I am not organized, and I have no particular desire to be. You can figure this out as soon as you walk into my house. Well, sometimes the downstairs looks organized, because we scoop everything up and take it upstairs if we know we are having company. This leads to some chaos in the upstairs bedrooms. Every time we entertain downstairs, the piles upstairs get larger. The problem is that our house doesn’t have an attic or a basement, so there is nowhere to stash things out of the way and forget about them, possibly for years. I’m pretty sure that’s what my mother did. Our house in New Jersey had a finished playroom in the basement, plus a laundry room and a furnace room, so we actually used that space, but the attic was mostly for storage, and there was lots of room up there for boxes and trunks and garment bags full of who knows what.
It doesn’t bother me that my house has piles of things all over the place, on coffee tables, bookcases, desks, even on the floor. Last summer my youngest daughter made me attack some of the piles on the floor in the corner of my bedroom, and sat with me while I went through them, helping me figure out what to keep and what to toss. But I got no joy out of any of it, and eventually I said okay, that’s enough, I’m finished.
However, an unmade bed is anathema to me. I make my bed perfectly every morning before breakfast. The bedspread has to hang down the same amount on both sides, all the wrinkles need to be smoothed out, the two shams and three throw pillows need to be arranged just so. If the bed is made, I find it doesn’t matter so much how the rest of the room looks, whereas if the bed is left unmade, everything seems sloppy. In contrast, my youngest daughter, who is compulsively neat about most things, and never keeps any extraneous papers or even momentos, has no interest in making her bed, and always leaves the covers all rumpled.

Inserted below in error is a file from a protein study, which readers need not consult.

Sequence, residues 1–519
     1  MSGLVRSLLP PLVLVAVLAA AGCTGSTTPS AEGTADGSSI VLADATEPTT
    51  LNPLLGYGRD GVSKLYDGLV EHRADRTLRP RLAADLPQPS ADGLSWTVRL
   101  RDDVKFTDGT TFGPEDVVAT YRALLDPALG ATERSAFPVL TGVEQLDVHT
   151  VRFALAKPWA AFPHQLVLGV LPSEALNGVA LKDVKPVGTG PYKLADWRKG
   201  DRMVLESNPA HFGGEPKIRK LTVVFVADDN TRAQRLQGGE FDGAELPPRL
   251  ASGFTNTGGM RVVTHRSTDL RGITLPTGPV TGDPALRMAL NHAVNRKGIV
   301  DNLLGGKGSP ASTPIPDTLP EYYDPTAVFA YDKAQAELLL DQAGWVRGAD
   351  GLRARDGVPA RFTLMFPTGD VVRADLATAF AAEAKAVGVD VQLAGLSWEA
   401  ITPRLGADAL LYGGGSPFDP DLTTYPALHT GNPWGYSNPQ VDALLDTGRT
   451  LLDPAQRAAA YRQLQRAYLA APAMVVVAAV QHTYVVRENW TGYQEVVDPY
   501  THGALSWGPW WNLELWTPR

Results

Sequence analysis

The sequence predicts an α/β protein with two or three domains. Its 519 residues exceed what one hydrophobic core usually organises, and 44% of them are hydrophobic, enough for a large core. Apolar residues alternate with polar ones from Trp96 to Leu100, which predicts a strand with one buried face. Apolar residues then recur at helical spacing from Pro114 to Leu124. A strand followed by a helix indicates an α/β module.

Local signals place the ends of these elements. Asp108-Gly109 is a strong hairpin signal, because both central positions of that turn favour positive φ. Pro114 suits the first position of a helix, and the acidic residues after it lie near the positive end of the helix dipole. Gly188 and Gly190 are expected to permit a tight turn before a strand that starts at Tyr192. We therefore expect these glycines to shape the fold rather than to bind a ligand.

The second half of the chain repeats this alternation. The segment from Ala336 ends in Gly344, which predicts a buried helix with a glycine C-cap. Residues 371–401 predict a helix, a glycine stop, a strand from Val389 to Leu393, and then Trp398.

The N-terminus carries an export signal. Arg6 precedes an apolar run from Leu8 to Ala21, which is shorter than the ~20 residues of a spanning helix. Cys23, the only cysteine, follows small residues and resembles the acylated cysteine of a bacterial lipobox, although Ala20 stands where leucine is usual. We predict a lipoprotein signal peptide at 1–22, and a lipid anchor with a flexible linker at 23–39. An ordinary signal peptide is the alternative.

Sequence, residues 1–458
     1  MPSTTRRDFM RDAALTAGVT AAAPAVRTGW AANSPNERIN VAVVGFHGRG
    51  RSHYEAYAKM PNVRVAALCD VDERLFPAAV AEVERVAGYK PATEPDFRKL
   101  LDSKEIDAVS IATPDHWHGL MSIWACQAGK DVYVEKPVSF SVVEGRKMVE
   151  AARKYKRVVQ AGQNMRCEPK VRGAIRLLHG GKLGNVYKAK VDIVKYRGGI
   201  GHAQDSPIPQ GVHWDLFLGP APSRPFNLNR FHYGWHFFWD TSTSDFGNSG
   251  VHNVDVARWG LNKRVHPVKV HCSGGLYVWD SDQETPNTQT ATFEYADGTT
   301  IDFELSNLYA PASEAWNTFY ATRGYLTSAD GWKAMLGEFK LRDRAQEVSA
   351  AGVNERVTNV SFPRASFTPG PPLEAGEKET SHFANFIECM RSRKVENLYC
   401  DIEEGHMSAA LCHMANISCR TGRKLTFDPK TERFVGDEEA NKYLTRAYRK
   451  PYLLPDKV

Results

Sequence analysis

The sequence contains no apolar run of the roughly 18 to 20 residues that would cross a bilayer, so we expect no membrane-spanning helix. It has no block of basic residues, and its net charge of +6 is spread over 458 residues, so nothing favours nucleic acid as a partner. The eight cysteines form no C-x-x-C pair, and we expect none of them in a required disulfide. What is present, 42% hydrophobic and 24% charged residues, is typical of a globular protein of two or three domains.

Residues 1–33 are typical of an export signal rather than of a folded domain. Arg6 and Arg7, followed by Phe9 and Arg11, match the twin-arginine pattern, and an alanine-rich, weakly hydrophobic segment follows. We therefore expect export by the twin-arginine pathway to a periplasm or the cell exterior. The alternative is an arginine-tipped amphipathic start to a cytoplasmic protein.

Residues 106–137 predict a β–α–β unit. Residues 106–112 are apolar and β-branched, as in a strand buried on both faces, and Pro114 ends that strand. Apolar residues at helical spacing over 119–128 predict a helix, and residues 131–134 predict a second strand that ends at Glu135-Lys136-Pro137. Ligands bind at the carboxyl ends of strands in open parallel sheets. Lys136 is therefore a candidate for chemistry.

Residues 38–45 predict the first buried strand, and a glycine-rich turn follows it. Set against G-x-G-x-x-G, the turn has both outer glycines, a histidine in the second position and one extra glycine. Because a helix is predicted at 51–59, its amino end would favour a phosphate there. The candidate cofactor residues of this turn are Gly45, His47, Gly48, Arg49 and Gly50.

My dresser drawers are organized too, even though nobody else sees them. My socks are neatly lined up in one drawer, organized by color. Long-sleeved shirts, short-sleeved shirts, pants, shorts, nightgowns. Everything has its own neatly arranged drawer. In contrast, the top of the dresser, like most other flat surfaces in the house, has old bank statements, vacation folders, photos, books, magazines,the occasional stuffed animal – you get the idea.
I have a hard time getting rid of clothing that I like, even if I haven’t worn it in a long time, because there is always a chance that it will come in handy. Consider, for example, the white hat that is on the top of the pile in the Featured Image. That was part of my bridesmaid attire at my college roommate’s wedding in 1984. It was next worn by my 7-year-old daughter Sabrina at the wedding of my husband’s twin brother in 1992. Then it lived for decades on a shelf in my closet. Last year the Harvard Club of Sacramento had a summer garden party to which people were requested to wear hats. I pulled out this hat, dusted it off, and looked smashing in it. (Didn’t get any pictures, unfortunately.) I now realize it has sat on the pile since July, but perhaps I will move it back into the closet. If I do, does that step count as getting organized?
Another example is the skirt my sister wore to be a bridesmaid in my wedding in 1983 (there does seem to be a wedding motif here, doesn’t there). She gave it to me afterwards because she knew she would never wear it again, and there was a chance I would. It hung in my closets in three different houses, possibly being worn once or twice in the ’80s and never again after that, but last month I was invited to a Jane Austen tea and needed to put together some kind of Regency outfit to wear. I was happy to pair that skirt, pulled way up underneath the bustline, with an off-white blouse and an orange scarf as a sash, for an approximation of a Regency dress. I was very glad I hadn’t given it away!
Finally, I would be remiss if I didn’t mention my passion for organizing the dishwasher! I have a very definite idea of where all the dishes, glasses, and silverware belong, and while I appreciate it when other family members or friends load their dirty dishes, I invariably end up rearranging them. One of my favorite movie scenes of all time occurs in Rachel Getting Married, where Rachel’s father and her groom have a competition about who can do a better job of loading the dishwasher. Luckily for me, nobody in my family challenges my technique, because they know I can do a more efficient job of getting everything in than anybody else can. Sometimes my husband will say, oh I’ll just wash these last couple of things by hand, but I say, no, no, I can fit it all in. And I do!
So it seems that the things that I care about organizing are not the things that are visible, with the exception of my impeccably made bed. The rest of the house is just going to stay disorganized. When my daughter despairs, I tell her “When I’m gone, you can just throw everything away! But until then, leave it alone!” She probably wishes she had a Marie Kondo-style mother, but it ain’t me, babe.